A Scratch on Your Cornea
When we’re out and about in Stockton and our surroundings, whether working or playing, sometimes a person can scratch his or her cornea. It’s one of the most common eye injuries, but usually can be easily treated and healed by the team at Central Valley Eye Medical Group.
What Is the Cornea?
The cornea is the clear front surface of the eye. The cornea focuses light, enabling us to see, so a healthy cornea is a must for good vision. When the cornea is scratched, not only is it painful, but it also makes the cornea more susceptible to infection. That’s why it is important to come and see us at Central Valley if you scratch your cornea, rather than thinking you’ll take care of it by yourself.
What Happens in a Corneal Abrasion?
As you would assume, you can scratch the cornea in countless ways. From a stray tree branch when out hiking to a makeup brush, from workplace debris to sports equipment, just about anything can scratch your cornea. And it’s not as if it needs to be a noticeable event, such as getting poked in the eye. Sand and dust can cause abrasions, especially if you rub your eyes.
What Are the Symptoms of a Corneal Abrasion?
The cornea is one of the most sensitive parts of the body, so you’ll know when you’ve scratched it. Even a small abrasion can be extremely painful and can feel much larger than it actually is.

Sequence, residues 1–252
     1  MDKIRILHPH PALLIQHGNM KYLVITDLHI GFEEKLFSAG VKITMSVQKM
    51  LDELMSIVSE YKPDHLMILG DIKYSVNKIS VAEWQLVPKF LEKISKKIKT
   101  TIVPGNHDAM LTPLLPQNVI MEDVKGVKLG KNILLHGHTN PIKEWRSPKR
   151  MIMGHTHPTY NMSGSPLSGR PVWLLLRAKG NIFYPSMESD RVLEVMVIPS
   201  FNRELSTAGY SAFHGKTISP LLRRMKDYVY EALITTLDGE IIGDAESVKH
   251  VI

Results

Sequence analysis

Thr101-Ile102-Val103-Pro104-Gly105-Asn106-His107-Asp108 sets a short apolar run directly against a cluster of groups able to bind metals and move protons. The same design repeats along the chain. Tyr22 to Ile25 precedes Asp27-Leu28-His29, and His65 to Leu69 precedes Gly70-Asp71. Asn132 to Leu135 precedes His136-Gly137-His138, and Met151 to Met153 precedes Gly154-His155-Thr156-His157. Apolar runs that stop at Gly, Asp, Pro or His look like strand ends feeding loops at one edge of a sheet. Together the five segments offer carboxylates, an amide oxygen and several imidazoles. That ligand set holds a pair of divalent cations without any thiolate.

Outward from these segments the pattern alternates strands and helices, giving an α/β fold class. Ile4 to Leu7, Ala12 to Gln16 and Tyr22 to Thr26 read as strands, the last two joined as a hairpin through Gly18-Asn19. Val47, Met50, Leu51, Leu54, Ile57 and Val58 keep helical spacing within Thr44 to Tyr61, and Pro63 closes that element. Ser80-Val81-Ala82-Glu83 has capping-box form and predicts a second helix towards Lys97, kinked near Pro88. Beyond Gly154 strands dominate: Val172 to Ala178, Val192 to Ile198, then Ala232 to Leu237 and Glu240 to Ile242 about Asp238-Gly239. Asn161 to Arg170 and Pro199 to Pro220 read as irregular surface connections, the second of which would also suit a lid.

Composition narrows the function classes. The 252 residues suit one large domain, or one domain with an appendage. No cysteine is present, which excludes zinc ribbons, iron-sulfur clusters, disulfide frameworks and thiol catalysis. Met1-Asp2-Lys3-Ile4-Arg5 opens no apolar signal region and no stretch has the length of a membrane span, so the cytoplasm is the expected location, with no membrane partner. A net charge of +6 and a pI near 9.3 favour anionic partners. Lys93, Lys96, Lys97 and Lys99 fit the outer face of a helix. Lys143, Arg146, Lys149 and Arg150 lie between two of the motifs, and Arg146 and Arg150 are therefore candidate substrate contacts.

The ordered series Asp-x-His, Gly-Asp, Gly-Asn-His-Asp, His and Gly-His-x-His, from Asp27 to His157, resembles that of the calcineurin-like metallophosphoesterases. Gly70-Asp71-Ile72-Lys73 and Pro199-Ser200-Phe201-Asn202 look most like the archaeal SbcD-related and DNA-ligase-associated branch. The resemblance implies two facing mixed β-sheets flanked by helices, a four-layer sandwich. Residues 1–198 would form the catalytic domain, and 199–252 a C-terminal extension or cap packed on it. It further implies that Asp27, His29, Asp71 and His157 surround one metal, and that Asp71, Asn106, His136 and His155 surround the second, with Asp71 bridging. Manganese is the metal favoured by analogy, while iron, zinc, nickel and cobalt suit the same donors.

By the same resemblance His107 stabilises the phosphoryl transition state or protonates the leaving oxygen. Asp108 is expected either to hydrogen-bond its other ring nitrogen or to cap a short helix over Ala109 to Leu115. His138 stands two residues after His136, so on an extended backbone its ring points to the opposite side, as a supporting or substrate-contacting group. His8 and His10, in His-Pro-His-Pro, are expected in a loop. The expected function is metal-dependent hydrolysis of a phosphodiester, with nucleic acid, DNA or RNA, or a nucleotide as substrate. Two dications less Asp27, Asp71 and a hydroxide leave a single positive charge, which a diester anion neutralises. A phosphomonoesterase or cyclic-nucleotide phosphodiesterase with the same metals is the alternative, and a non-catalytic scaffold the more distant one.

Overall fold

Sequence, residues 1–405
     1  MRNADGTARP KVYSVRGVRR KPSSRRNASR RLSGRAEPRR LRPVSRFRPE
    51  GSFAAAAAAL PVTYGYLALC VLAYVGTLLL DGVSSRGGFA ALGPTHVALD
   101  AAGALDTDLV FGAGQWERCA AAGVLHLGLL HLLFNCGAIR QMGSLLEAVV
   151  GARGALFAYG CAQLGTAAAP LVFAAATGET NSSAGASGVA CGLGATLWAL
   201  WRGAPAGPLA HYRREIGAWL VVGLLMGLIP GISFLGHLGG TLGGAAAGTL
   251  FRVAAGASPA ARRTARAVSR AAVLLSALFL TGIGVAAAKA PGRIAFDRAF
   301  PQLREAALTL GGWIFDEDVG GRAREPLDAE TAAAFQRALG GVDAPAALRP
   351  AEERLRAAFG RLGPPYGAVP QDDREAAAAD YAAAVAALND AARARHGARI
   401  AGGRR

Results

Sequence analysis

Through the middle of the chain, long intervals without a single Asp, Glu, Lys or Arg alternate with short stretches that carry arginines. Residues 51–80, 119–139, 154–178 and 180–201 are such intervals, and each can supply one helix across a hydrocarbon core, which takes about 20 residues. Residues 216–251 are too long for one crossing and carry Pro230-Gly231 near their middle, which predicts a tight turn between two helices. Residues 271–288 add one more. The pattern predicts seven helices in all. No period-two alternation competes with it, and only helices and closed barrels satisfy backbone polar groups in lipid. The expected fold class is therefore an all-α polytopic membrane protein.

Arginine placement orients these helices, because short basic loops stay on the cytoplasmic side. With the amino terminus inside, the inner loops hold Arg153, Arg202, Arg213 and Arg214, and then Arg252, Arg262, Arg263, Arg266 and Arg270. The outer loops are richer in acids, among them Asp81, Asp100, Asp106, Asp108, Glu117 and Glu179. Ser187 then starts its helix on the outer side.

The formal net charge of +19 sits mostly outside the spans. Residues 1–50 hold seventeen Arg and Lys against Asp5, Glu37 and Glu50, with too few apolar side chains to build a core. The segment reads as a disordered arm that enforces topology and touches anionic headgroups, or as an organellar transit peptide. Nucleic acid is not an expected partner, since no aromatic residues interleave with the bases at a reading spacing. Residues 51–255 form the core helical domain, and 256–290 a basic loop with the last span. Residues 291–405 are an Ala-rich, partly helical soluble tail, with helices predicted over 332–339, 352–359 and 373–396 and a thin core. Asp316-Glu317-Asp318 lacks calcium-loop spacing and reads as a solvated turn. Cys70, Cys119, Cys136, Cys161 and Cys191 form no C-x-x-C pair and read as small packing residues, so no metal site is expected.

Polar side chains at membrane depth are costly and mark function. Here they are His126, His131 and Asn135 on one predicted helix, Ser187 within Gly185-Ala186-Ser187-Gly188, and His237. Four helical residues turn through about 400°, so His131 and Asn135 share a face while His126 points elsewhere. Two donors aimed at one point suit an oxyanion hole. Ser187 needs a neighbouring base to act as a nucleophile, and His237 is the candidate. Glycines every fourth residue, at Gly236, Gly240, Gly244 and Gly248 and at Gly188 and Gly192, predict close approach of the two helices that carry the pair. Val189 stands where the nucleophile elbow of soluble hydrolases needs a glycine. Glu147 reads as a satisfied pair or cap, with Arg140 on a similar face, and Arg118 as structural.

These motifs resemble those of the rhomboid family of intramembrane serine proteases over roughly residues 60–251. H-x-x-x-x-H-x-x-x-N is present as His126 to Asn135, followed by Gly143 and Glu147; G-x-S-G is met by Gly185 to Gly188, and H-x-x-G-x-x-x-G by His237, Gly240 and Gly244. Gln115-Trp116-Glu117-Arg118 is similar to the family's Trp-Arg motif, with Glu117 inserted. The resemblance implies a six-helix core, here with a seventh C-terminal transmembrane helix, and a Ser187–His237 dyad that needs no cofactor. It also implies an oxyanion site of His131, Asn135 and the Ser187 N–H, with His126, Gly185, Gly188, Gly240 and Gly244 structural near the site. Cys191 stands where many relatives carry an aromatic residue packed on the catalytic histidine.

A scratched cornea will be painful and it will feel as if you have something in your eye. Other symptoms are redness, tearing, light sensitivity, headaches, blurry or decreased vision, eye twitching, a dull ache, and sometimes even nausea.
It’s important not to rub your eyes, as this can make matters much worse. If you get something in your eye, you can flush it with sterile saline eyewash or contact lens solution. Don’t use tap water, as it can have microorganisms that can lead to infection. After flushing your eye, if the foreign body sensation continues, call us at Central Valley immediately. The danger is the risk of infection.
Diagnosis and Treatment
When our doctors examine your scratched eye, our magnifying instruments will show us the extent of the abrasion and if there are still foreign materials present. We may use a fluorescein dye to help identify the abrasions.
We’ll often then apply a topical anesthesia to help relieve your eye pain. A tight patch will be placed over the eye and this will usually help a small abrasion heal overnight. If the abrasion is larger, we may prescribe antibiotics to prevent infection and the healing may take a few days.
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Posted in: Corneal Abrasions